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On this basis empirical research was also conducted, which we will address briefly in paragraph 4. And we will add: marketing includes provision of information, i.e. marketing teaches, either for systemic thinking, or against it. The latter case tackles/causes contemporary difficulties. 3. Requisite holism, sustainable enterprise, humankind’s future and marketing The law of requisite holism is presented in the shortest possible version in Figure 1. The requisite holism is growing broader and more complex concerning the DS of preconditions for competitiveness that has been growing more complex over the recent decades; this is shown in Figure 2 as the development toward the sustainable ˇ enterprise (Potocan and Mulej, 2007a, b). Once the business life has become so complex and so full of oversights, that less than 5 percent of companies’ innovation projects succeed (Nussbaum et al., 2005; Nussbaum, 2006), and the consequences in terms of climate change tend to diminish the world-wide GDP for 5 or even 20 percent (Stein, 2007; Ecimovic et al., 2002, 2007), marketing also belongs to professions that must reconsider their role and scope as information providers to companies’ managements and to (potential) customers – toward requisite holism. 4. The innovation and market orientation is not necessarily enough for requisitely holistic successfulness Market orientation is one of the key organizational resources in creating sustainable competitive advantage. Owing to the discordant findings that emerged with respect to the direct effect of market orientation on firm’s performance, a growing number of researchers have recognized that it is imperative to develop broader models to deepen our understanding of the mechanisms that lead the more market-oriented firms to better performance (Han et al., 1998; Agarwal et al., 2003; Luo et al., 2005; Baker and Sinkula, 2005). These models might contribute to requisite holism. So might do research examining the relationships between market orientation and innovation that is growing (Atuahene-Gima, 1996; Han et al., 1998; Jaworski and Kohli, 1993; Narver and Slater, 1990). According to Deshpande and Farley (2004), the most important expression of market orientation is successful innovation, which leads to greater organizational success. Firms with strong market orientations are more likely to identify and respond to new product opportunities than firms with weaker market orientations (Baker and Sinkula, 2005; Hooley et al., 2005), and are more likely to be the first to the market with new generations of existing products and services (Day, 1994). Snoj et al.’s (2004) representative research of all companies with over 20 employees in Slovenia has proved: the strength of the companies’ market orientation was a significant and positive predictor of their innovation resources. However, the empirical ˇ research (Prosenak, 2005; Jurse et al., 2007), which was carried out in 2005 on Prosenak’s pattern of Slovenian companies, shows that for a greater business success a more/requisitely holistic approach to innovation and its better connection with market-orientation is needed. Oversights cause failures. One’s essential guideline should be to create for one’s customers the biggest possible value, which should also be, perceived from customers’ viewpoint, higher than the value offered by one’s competitors. Meeting both conditions is easier for companies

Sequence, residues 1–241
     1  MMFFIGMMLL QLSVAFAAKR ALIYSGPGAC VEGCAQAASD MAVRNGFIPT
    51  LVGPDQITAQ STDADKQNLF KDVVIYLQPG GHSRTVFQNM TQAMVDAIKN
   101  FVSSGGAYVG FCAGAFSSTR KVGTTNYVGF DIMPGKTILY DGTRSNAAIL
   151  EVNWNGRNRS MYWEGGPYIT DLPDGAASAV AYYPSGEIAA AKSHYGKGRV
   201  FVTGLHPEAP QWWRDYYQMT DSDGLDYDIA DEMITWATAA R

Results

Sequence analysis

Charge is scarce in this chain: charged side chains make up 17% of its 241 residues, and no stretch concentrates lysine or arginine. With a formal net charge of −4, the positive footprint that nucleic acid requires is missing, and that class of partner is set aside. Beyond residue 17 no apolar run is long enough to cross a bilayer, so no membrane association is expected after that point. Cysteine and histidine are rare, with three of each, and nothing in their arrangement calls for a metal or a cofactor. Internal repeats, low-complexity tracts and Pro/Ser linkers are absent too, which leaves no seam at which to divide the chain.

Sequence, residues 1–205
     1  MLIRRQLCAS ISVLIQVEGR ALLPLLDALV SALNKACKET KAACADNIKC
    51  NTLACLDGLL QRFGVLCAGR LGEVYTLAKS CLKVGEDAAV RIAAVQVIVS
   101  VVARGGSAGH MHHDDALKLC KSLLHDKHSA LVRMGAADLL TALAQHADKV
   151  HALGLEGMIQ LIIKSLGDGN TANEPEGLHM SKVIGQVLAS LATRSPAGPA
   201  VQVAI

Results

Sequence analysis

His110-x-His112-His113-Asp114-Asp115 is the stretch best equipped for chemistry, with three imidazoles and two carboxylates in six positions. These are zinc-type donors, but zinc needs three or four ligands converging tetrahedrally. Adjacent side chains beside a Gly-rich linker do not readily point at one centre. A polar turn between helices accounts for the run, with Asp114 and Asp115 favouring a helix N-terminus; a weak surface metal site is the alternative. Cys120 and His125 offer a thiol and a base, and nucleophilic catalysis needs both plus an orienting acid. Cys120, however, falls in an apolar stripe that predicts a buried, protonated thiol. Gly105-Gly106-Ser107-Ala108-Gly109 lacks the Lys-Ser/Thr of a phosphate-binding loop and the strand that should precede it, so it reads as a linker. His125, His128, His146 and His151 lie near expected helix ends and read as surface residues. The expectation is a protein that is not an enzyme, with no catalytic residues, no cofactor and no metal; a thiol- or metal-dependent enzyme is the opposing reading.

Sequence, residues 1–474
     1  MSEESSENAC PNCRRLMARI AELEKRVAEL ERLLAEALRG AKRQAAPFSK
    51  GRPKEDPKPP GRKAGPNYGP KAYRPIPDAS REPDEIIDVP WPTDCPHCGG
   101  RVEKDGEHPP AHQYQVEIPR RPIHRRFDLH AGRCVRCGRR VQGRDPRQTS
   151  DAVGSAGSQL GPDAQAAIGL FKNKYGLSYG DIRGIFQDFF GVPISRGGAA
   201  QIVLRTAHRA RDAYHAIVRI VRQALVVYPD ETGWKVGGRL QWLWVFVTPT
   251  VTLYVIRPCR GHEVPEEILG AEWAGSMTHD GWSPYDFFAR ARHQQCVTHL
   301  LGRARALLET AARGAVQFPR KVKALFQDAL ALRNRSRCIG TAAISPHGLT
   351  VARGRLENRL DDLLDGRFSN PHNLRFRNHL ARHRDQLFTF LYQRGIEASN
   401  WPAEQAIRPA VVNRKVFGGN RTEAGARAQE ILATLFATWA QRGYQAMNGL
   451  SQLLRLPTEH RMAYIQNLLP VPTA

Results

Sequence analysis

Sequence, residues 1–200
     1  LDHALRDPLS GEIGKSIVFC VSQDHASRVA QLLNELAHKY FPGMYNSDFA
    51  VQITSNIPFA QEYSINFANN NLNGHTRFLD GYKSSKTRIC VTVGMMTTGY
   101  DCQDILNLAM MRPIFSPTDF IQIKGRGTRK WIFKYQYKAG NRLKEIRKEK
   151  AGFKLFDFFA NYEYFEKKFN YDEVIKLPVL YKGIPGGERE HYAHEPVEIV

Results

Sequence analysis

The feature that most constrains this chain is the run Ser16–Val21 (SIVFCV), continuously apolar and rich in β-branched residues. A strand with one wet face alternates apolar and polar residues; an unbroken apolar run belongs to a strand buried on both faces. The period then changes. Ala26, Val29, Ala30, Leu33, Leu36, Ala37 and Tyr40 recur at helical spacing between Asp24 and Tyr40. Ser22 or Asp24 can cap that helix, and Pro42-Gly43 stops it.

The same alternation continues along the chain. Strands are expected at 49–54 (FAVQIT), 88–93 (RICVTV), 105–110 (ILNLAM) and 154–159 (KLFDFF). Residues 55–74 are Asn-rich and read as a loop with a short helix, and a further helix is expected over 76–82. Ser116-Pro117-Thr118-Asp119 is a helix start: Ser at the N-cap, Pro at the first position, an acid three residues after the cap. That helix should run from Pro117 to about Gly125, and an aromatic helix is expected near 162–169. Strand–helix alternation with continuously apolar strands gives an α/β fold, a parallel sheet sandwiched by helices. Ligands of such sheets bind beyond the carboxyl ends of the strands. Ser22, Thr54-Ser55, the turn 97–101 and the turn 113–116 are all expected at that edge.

focusing more on creation of a new value for (potential) customers and less on competing with others for a part of the existing market. Therefore, a requisitely holistic knowledge about social, business, and natural environments (not only market), constant learning, and innovating are needed and must make a part of ˇ values/culture/ethics/norms (Potocan and Mulej, 2007a, b). Companies must be market-oriented and innovative, or with other words – they should effectively and efficiently, therefore requisitely holistically, connect creativity and (market) knowledge with value creation for their supply to be big, but smaller than demand for it and to yield benefit to both their customers and themselves. But: there are other humans, too, making society at large; are they considered? For the last 15 years or so the notion of value has been put forward as a critical variable in marketing. Customers should get the value from the actions and activities of marketing. The current research into customer value shows a clear trend away from exchange value in which value is embedded in the product (goods, ideas, services, information, or any type of solution), which is delivered to customers. The trend goes in favor of the customer when using product and when interacting with suppliers on long-term basis in co-creation with them. Suppliers do not deliver value to customers; they support customer’s value creation in value generating processes of these ¨ customers (Gronroos, 2006). And this is the very essence of relationship marketing as the process of planning, developing and nurturing a relationship climate that promotes dialogue between the company and its customers in order to imbue an understanding, confidence and respect of each others’ capabilities and concerns when enacting their role in the market place and the society (Kavali et al., 1999). As to the target groups, relationship marketing is engaged in valued relationships not only with customers, but also with suppliers, employees, owners, referral parties and influence parties (Morgan and Hunt, 1994; Kavali et al., 1999). Therefore, relationship marketing builds on the grounds of principles of equity, benevolence, reliability, responsibility, commitment, diligence and trust that guide managers to morally justifiable operations (Grundlach and Murphy, 1993; Morgan and Hunt, 1994; Kavali et al., 1999). This might be a step toward a kind of requisite holism. Yet, still the question emerges: are the above statements enough, regarding the ever increasing influence of societal and environmental problems on companies, being both humans’ tools to satisfy their needs and social bodies, and of humans and their ˇ ˇ ˇ organizations over environment (Potocan, 2003; Potocan et al., 2004; Tavcar, 2006, 2007)? Should not we ask ourselves: what are the real objectives of business activities in a society living on innovation with an open innovation model (Chesbrough, 2003; Chesbrough et al., 2006) and based on sustainable enterprises, in order for humanity to survive (Stein, 2007)? Is the current humans’ consideration of their influence on society and natural environment (and vice versa) requisitely holistic? What is the role of humans’ creativity? Do humans use creativity well enough for the benefit of society (made of humans in many various synergies) as well? We should also take into account problems, which are emerging in economically most advanced societies, i.e. affluence-phase problem (Porter, 1990): affluence causes a lack of motivation for creative work in order to have more, once one has everything, and negatively influences their economic success (as one sees in public economic data in 2008). All societies of the contemporary world and their companies can avoid these and several other social and environmental problems, if they define their objectives and